And I don't blame you. I mean- if forty years ago you'd told this hippie vegetarian girl that she'd be using ground deer meat to make her spaghetti, she would have been horrified.
But it is a cute picture of Owen.
And like I say- if you're going to hunt and if you're going to eat meat- know what turns it from animal to supper.
I am torn about the whole situation. I am. But the reality of the situation is that the men in my family hunt for deer and we eat the meat.
Speaking of venison spaghetti, I have some sauce simmering right now. Besides venison it has cauliflower and olives, capers and onions, peppers, mushrooms and cherry tomatoes. Also spinach.
One of my favorite kinds of suppers- boil some pasta, put it in a dish, add the sauce.
So what I did today while Jason and Mr. Moon and Owen cut up and ground up deer was to finish Maggie's nightgown and to wrap most of the presents. Doesn't sound like much, does it?
Well, it wasn't.
But somehow it took all day.
I am the world's worst present-wrapper. No, really, I am. It took me hours to gird my loins enough to go upstairs and get the giant tub of wrapping paper and boxes and ribbons and bows and tags but I finally did it, descending each stair slowly and carefully because those stairs scare the shit out of me. I find it hard to believe that no one has ever fallen down them and broken their neck. And it quite possibly has happened but no record of such an accident exists. I really do wonder and am quite curious as to all of the things that have happened in this house.
Births and deaths for sure.
The house was already here during the Civil War and so quite possibly it was used in some capacity while that was going on. The guy we bought the house from claimed that at one point the house was being used as a bordello but I think he's full of it. I mean, it's possible. We are a block away from what was a main highway before the interstate was put in but I'm pretty sure that old Mrs. Miller who used to live in this house before she moved across the street would never have allowed that to happen.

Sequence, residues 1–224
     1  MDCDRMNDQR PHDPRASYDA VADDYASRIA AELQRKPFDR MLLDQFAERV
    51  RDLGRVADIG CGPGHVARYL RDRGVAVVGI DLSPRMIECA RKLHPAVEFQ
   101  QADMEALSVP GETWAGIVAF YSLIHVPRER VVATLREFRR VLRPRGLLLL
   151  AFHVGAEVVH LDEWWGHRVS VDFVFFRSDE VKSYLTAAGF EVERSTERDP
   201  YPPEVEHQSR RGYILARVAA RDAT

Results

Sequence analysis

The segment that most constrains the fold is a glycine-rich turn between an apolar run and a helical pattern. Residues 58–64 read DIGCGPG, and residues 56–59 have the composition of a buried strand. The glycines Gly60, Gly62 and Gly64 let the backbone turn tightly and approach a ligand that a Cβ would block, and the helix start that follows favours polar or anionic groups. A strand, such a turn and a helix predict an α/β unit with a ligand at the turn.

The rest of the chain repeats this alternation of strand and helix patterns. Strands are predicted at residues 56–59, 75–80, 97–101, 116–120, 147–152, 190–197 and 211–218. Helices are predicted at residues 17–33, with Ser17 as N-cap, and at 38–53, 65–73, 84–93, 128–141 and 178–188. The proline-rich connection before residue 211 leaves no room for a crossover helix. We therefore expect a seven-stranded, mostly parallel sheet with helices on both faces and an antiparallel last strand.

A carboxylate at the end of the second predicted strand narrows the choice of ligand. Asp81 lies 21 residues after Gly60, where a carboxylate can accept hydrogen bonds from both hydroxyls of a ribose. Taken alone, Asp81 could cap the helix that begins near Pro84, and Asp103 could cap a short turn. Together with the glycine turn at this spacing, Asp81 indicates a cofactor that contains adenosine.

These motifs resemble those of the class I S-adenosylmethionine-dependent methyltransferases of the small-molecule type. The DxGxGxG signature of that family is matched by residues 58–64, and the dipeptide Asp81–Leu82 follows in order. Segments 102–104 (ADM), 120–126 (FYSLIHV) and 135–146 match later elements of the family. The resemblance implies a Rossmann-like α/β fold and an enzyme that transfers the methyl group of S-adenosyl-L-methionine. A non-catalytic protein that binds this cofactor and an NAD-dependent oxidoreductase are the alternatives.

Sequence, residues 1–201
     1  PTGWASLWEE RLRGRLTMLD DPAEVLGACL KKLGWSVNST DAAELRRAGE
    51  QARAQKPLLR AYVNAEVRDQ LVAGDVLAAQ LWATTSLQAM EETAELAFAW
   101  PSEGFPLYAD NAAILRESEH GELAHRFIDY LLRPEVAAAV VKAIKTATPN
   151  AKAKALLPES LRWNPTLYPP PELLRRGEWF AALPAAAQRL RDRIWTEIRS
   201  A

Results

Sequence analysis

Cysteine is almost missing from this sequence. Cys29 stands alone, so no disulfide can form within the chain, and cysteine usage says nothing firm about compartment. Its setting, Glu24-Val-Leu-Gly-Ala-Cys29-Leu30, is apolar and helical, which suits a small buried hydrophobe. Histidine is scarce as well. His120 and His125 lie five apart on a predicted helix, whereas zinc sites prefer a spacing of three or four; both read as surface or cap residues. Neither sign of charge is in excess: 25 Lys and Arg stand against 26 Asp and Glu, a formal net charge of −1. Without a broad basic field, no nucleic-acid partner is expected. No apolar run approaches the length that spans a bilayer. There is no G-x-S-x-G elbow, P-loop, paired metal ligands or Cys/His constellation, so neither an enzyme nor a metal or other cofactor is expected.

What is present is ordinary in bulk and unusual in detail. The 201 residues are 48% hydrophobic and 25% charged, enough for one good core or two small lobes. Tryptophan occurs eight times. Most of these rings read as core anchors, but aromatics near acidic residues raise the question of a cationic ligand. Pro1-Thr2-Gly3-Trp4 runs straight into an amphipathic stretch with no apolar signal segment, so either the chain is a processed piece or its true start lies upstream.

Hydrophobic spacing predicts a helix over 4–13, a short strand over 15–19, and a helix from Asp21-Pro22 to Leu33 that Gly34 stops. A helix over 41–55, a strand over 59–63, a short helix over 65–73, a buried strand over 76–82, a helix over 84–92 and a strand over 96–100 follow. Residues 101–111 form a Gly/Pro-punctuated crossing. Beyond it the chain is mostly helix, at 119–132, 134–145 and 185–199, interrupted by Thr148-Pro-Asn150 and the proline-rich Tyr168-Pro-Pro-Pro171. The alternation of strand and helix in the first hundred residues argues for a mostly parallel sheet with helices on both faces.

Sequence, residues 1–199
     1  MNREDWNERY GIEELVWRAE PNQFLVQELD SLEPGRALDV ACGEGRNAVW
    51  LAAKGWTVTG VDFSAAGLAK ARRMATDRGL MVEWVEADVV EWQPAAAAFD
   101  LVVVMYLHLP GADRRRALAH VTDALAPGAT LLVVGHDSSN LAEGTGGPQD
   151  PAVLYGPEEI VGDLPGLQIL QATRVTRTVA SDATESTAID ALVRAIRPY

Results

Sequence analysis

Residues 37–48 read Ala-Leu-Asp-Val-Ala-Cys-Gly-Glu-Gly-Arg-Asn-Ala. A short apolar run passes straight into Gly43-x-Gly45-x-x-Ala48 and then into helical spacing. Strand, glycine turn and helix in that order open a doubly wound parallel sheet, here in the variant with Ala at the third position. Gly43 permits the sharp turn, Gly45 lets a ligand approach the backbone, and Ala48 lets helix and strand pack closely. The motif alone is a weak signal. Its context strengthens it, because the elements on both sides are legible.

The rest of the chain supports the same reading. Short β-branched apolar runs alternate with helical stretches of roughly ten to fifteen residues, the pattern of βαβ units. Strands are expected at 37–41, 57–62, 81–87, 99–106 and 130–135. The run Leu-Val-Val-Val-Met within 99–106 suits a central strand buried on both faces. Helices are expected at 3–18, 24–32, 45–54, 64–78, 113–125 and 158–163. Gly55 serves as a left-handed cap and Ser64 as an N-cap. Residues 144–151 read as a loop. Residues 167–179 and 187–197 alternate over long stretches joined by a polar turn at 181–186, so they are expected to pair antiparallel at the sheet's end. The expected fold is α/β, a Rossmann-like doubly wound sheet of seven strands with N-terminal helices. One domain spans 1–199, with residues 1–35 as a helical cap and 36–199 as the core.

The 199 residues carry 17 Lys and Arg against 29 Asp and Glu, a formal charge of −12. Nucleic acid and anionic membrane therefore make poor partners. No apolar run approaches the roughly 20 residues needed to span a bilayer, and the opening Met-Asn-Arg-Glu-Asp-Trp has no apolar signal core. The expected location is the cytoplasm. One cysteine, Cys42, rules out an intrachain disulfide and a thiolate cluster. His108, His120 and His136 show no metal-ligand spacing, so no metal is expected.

But yes, certainly births and deaths and sickness and health. Music and dancing and kissing and fooling around. The sweetest words, whispered into a lover's ear, the cruelest words hurled across the space of the kitchen.
You just know that a good many of the things that can happen to humans have happened here.
I wonder about the pets, the dogs and the cats and birds in cages that have sheltered here. I wonder about the quilts stitched here. I know for a fact that there used to be a quilting frame in the hallway and women would come and sit and sew together. I wonder about the meals cooked here. I wonder about the gardens grown and the animals raised for food and for farm work here. I am curious to know what it was like when the house was first wired for electricity and the first light switch turned on. Same with what whoever was living here at the time felt when indoor plumbing was introduced or when the first automobile pulled into the yard.
And in the almost sixteen years that we've lived here now, I've witnessed and been a part of some of it. Courtships of my children, Vergil asking Jessie to marry him in the back yard under the oak tree. Babies learning to crawl and then walk down the long hallway. I've made so many meals, I've raised and tended my own chickens and we've gardened a bit. I've added to the landscape with camellias and palm trees, we've had parties and music and I've gotten more than one grandchild down for naps with stories and songs and back-scratching. There have been weddings and there have been wakes. There have been tears of joy and of despair and of gutted grief, words of promise and words of hot anger.
But not too many of those.
I have slept so sweetly here.
There has been love-making and there has been hallway dancing and this house, this little piece of earth it sits on, has taken it all in, offered its spaces up to every bit of it.
And how the hell did I get from gift-wrapping to that?
I have no idea. It's been a rambling, rainy day. It's raining now. It's supposed to rain all night and tomorrow too.
The bed has been made twice.
A ten-year old boy has helped his dad and granddad prepare food that will eventually feed us all.
I didn't check eggs all day but when I went to close the chickens up, I found Sissy sitting in a nesting box and when I checked under her, I found these.
She pecked me so hard that she drew blood as I so cruelly took the eggs from underneath her. I don't know whether she was just pissed at being disturbed in her night-sleep or whether she was defending a nest she feels compelled to sit on. I would happily let any hen go broody and hatch eggs except for the fact that so many of them seem to turn out to be roosters.
Well. We shall see if she seems to want to go through the tremendous sacrifice of sitting on eggs. I suppose that if she is absolutely determined, I'll let her. Not like I can stop her if she takes a mind to do it. She'll just nest somewhere I can't find her.
I figure that this will be my house's 160th Christmas.
I like thinking about that. It takes some of the pressure off of me. Why even bother thinking that I could possibly be the worst or the best at celebrating Christmas day?
Love to you all...Ms. Moon